Hell is real, and it’s a dilapidated bar in a remote mining town filled with drunk, vaguely threatening Aussie men who can’t (or won’t) take no for an answer. Hanna (Julia Garner) and Liv (Jessica Henwick) are two young friends traveling the world, seeing the sights down under in an effort to stay as far away from home as possible. Although what exactly they’re attempting to outrun is left as subtext, the rest of the film hits as hard as a blunt instrument to the face. When the pair’s travel money finally runs dry, a last-minute job placement as bartenders far out in the boonies comes with the promise of quick cash … provided they can deal with a little “male attention” from the gruff locals who, to put it mildly, don’t get out very much.
Director Kitty Green, who most recently directed Garner in “The Assistant,” revisits similar themes of entitlement and toxicity in environments dominated by men. In “The Royal Hotel,” however, the inherent tension and horror of this dynamic takes on a much more literal tone, as what starts out as crude jokes, overt flirtations, and drunken harassment ultimately devolves into a waking nightmare. Bar owner Billy (Hugo Weaving) keeps their roughest and most unpleasant patrons in line, but even he comes saddled with his own demons. When easygoing Liv manages to adjust to their new surroundings much quicker than Hanna, their different personalities threaten to drive a wedge between the two friends — at a time when they need each other more than ever.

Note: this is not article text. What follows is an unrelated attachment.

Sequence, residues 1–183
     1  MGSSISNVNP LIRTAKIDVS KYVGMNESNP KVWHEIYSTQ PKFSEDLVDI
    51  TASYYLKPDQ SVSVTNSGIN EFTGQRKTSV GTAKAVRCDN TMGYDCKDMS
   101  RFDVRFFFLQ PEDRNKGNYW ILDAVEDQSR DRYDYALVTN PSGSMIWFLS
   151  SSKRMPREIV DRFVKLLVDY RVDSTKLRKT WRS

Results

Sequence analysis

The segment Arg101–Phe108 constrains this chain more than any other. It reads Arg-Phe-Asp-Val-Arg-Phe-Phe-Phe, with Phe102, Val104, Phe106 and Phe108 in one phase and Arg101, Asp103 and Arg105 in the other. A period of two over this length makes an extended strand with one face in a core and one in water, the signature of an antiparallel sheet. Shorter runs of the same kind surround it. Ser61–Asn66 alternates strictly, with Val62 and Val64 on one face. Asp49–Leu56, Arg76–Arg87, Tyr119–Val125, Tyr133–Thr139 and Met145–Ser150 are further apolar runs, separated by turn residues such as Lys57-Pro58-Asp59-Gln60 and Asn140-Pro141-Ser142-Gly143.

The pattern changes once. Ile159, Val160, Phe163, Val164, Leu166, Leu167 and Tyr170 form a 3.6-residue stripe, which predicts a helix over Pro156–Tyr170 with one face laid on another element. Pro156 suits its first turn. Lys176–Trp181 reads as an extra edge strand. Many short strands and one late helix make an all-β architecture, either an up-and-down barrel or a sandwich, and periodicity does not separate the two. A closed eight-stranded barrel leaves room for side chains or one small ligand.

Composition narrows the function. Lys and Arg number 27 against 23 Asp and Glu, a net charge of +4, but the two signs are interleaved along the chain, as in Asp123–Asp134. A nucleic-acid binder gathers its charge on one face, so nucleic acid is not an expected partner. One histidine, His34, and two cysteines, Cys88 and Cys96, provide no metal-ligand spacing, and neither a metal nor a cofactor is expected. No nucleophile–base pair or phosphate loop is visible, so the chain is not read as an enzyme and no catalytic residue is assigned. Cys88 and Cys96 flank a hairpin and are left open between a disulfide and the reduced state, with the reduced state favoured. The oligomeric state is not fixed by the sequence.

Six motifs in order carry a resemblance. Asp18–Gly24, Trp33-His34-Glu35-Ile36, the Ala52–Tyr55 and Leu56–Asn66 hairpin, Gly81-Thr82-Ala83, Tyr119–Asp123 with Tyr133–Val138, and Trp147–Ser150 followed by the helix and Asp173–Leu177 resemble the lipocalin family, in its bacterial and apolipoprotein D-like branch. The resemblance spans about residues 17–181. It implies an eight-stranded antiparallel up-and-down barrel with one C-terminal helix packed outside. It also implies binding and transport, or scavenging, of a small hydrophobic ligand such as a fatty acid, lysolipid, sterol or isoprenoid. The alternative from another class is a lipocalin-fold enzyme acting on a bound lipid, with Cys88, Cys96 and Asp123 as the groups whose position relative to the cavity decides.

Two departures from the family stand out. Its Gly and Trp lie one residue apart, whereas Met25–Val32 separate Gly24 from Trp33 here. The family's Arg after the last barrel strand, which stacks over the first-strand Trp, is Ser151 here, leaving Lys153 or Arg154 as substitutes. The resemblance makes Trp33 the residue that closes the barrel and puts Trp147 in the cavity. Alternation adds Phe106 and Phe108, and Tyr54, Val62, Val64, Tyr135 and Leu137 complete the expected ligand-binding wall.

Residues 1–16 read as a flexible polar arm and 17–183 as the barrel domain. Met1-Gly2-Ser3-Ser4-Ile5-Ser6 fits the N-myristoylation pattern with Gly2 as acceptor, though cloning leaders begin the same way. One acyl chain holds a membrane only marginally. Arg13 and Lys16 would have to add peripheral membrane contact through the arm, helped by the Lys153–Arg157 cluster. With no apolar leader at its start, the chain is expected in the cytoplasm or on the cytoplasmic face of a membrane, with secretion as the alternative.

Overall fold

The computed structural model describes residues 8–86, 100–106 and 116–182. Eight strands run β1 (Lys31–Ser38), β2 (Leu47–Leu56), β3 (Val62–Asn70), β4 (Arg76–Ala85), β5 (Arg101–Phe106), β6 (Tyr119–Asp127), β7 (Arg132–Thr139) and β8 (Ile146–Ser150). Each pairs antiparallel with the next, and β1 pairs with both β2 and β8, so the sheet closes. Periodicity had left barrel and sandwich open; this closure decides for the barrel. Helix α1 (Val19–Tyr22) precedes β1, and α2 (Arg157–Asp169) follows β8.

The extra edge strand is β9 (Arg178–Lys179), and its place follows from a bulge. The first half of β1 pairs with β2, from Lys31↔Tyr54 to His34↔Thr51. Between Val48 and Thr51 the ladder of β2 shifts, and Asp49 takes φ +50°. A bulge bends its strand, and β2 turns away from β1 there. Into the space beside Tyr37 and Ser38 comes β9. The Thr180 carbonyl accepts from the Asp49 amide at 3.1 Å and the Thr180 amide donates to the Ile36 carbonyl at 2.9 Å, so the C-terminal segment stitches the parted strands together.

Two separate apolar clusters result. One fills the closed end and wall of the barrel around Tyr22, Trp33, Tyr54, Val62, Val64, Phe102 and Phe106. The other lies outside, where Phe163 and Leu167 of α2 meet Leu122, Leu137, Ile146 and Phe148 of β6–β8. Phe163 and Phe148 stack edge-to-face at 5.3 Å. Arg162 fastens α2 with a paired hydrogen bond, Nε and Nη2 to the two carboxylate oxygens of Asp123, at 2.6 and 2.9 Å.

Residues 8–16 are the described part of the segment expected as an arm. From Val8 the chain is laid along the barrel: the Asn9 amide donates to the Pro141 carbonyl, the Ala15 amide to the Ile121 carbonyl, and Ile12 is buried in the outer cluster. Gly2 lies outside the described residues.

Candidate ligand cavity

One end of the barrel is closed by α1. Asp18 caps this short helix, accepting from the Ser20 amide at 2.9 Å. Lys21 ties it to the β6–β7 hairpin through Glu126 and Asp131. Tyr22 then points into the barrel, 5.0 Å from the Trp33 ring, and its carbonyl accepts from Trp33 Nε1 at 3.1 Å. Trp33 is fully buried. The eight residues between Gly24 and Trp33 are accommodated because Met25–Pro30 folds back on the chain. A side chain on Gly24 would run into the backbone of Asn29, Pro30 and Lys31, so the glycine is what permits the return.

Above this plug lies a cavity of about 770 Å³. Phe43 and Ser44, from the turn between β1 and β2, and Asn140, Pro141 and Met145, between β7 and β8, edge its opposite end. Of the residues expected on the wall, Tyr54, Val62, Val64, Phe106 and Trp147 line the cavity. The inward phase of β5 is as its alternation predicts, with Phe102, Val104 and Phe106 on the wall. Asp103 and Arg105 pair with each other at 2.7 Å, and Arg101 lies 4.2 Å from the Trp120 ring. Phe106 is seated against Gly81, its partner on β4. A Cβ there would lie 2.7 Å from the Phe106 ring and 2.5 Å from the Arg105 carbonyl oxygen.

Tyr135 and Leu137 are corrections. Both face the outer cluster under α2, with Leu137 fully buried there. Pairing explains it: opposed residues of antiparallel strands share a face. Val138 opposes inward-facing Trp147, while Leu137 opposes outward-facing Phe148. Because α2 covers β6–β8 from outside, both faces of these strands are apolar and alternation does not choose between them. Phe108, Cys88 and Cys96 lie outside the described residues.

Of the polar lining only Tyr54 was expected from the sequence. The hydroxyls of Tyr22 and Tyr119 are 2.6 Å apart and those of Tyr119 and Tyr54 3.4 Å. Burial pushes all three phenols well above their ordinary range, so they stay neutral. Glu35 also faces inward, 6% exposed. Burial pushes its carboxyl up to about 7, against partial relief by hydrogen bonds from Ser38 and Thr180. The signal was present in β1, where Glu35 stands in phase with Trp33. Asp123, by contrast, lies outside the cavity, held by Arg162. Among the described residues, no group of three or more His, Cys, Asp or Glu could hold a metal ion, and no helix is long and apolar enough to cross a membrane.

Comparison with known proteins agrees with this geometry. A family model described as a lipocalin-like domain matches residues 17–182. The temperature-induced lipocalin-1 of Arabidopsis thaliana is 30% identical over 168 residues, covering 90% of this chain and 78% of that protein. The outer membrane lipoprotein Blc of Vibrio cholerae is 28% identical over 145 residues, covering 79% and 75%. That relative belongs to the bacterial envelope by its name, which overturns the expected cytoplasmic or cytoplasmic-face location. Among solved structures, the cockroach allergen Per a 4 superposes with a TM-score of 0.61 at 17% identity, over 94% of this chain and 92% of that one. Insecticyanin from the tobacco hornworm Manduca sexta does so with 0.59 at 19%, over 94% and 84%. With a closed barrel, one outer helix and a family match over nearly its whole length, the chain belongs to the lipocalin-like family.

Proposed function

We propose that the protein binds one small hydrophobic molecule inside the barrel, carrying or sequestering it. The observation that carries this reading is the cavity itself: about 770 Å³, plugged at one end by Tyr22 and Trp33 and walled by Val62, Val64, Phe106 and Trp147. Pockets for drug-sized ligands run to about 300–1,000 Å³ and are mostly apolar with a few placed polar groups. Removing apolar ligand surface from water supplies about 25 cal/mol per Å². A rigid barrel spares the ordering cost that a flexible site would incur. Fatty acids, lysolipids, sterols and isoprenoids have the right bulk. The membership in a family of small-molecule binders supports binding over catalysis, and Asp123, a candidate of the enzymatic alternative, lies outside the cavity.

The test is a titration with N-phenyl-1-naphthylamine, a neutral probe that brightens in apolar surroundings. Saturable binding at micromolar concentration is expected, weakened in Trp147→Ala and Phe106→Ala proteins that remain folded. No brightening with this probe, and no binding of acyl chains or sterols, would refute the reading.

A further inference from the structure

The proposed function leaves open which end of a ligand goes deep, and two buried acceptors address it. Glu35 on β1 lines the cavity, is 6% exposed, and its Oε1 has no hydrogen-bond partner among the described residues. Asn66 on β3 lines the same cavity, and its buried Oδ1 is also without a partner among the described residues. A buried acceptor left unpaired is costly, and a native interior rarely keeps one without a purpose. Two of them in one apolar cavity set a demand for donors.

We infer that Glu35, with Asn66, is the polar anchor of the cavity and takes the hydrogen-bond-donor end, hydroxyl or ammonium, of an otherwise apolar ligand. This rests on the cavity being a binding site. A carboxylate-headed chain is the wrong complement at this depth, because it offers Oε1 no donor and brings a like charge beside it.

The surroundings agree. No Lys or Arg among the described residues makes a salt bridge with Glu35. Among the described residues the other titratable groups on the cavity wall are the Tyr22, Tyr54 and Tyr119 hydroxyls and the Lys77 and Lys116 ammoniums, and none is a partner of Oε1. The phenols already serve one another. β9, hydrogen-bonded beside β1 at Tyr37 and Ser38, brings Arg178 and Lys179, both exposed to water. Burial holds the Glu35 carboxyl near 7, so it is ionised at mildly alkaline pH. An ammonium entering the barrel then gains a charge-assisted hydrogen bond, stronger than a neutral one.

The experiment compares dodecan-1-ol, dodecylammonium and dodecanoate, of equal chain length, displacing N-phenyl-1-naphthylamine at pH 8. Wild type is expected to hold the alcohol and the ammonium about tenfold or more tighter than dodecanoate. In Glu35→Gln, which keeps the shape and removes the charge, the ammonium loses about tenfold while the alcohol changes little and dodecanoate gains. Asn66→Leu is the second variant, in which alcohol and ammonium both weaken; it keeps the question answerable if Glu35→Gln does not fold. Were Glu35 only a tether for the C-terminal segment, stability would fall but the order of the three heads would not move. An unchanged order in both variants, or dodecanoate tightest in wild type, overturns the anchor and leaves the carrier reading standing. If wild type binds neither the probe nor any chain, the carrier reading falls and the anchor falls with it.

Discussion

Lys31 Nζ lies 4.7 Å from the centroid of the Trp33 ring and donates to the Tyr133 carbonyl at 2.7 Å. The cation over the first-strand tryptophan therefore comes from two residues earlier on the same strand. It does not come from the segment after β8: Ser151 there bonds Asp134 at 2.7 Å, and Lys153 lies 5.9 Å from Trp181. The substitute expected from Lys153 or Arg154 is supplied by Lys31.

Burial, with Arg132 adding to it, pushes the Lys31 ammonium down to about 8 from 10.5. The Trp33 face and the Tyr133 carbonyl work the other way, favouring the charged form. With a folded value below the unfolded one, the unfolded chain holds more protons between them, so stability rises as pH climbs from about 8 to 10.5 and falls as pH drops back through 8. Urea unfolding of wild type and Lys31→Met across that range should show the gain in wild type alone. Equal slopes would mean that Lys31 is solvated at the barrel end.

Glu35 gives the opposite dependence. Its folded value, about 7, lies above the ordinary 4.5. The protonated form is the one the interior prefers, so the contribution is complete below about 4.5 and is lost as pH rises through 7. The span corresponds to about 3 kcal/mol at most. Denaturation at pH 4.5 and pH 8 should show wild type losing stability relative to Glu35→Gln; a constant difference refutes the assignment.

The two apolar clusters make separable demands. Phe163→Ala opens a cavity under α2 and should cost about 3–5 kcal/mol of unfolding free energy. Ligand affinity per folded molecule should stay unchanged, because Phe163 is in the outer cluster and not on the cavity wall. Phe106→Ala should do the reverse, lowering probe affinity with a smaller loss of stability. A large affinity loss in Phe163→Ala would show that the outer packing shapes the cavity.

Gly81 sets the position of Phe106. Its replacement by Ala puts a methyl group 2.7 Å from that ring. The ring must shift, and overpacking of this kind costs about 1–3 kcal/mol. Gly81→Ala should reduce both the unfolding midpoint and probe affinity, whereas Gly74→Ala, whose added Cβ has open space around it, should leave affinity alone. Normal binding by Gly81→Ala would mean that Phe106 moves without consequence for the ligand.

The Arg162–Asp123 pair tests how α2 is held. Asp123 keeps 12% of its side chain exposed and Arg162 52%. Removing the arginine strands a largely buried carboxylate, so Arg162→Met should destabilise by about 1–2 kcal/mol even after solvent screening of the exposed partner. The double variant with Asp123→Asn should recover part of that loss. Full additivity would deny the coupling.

Harrowing, frequently unpleasant, but shot through with an acerbic sense of wit and dark humor, “The Royal Hotel” is more than worth a stay.
“The Royal Hotel” is currently playing in theaters and available to purchase or rent digitally.